Sunday, February 27, 2011

What, Me Worry?

The VIII Sunday after the Epiphany 

We have a lot more things to worry about than the people in Jesus’ day did.  Food, clothing, and lions, as one of my parishioners said.  At times in my life I have been ranked among the world’s great worriers; especially at three o’clock in the morning, when I wake from a sound sleep to tackle the troubles of the day.   I have been known to think and worry and analyze things until the alarm goes off.  Many times some elegant solution comes to me in my state of sleep-drunken analysis that seems so perfect—I get enamored with it and continue to lay awake thinking about the solution, which is probably some other kind of “insomniac-sin.” 

Recently I have discovered that if I wake up in one of these worry modes I can fight it off by occupying my mind with something more pleasurable.  I chose golf.  I play a round of golf in my head, tee-ing up a shot on my favorite course, taking a few practice swings, imagining the shot I want to make, and then in my mind hitting that perfect shot.  Sometimes I will play two or three holes before finally dosing off into dreamland.

Dream-golf may be fun, but the solution to this habit of late-night-worrying that we all fall into is to get at the source of our worries and put them to rest.  Most of us worry about finances, or relationships, or our families.  Sometimes we get specific and worry about certain people, our health, or things that are about to happen like visits to the doctor or banker.  No matter what we worry about we know we cannot affect the outcome one iota by worrying about it.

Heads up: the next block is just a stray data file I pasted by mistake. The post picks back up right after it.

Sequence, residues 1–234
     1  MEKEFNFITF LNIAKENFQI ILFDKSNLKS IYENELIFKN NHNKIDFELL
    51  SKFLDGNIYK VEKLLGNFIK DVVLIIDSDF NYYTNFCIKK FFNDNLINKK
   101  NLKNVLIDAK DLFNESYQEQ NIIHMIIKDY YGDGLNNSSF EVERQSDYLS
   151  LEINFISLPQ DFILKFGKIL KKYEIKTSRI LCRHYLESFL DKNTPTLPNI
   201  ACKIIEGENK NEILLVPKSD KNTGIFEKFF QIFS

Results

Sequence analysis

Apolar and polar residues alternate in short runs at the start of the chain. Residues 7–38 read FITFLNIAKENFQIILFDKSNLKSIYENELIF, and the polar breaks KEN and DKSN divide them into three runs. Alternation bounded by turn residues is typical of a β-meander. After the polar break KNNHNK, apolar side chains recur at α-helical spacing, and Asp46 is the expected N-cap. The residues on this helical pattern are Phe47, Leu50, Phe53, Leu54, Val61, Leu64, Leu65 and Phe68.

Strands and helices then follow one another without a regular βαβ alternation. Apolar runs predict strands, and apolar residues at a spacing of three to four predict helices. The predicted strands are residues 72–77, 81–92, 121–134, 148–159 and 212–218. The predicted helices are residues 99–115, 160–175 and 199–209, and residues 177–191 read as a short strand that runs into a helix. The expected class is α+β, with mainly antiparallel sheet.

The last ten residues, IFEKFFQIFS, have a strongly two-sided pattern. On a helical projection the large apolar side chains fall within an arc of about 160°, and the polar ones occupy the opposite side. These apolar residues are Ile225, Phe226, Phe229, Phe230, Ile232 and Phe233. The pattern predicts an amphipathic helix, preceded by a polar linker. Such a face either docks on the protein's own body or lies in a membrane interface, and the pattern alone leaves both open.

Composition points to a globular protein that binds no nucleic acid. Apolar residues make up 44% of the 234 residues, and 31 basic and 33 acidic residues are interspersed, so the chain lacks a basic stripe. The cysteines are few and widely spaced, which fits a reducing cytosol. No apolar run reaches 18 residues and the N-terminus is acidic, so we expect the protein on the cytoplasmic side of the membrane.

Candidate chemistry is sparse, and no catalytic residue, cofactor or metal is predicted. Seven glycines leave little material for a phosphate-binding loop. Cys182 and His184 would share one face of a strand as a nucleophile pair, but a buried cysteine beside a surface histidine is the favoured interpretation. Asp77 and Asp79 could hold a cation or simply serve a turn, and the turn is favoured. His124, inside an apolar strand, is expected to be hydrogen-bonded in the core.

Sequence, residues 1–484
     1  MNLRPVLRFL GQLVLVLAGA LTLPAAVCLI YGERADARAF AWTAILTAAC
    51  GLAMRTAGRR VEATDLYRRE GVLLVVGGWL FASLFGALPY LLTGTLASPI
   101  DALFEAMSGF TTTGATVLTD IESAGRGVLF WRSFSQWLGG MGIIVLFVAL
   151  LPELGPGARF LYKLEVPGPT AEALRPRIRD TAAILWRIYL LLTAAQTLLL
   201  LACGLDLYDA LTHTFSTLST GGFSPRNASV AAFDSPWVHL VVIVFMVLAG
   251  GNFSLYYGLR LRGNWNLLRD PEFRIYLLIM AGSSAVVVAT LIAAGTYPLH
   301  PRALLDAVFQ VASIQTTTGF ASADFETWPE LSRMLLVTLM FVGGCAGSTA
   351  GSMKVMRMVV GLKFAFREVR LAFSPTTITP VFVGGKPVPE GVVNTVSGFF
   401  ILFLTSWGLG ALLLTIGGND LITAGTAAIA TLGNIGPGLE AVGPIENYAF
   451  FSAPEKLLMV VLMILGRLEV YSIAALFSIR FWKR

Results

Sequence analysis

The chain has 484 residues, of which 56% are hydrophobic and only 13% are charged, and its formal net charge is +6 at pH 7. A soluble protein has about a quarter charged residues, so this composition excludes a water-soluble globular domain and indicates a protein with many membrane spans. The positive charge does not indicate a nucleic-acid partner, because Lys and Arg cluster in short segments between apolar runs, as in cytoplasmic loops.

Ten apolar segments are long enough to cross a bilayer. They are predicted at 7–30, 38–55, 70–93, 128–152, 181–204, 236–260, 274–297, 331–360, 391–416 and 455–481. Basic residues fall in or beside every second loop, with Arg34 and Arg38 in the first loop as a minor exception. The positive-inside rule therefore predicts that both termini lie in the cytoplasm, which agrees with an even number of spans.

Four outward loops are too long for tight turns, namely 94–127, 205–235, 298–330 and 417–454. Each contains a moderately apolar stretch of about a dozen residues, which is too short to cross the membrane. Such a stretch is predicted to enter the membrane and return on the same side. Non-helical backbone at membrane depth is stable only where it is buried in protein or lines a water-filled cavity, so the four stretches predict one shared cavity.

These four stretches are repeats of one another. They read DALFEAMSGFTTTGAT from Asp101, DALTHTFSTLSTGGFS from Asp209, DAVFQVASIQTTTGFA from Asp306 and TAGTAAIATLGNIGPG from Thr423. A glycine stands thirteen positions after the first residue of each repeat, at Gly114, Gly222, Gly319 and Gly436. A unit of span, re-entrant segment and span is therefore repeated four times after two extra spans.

I remember the story of a businessman who had a payment due on his bank note the next day.  He did not have the money so he worried and fretted over it. At night he would lay awake pondering what he would do.  Finally his wife picked up the phone and called the banker.  She told him her husband didn’t have the money to make the note payment.  The husband was outranged!

“Why did you do that?” he shouted.
“Well, you keep worrying and worrying about it and you couldn’t sleep—so now it’s his problem and you can go to sleep,” she said.

The kernel of a solution to our worrying lies in this little story—if we continue to worry nothing will change.  We need to do something differently.  We need to give our problems away.  We need to let someone else handle them.